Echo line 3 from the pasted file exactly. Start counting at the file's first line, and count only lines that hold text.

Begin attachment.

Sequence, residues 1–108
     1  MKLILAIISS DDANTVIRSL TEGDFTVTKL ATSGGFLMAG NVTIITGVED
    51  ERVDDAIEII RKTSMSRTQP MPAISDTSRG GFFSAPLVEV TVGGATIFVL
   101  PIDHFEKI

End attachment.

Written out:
    51  ERVDDAIEII RKTSMSRTQP MPAISDTSRG GFFSAPLVEV TVGGATIFVL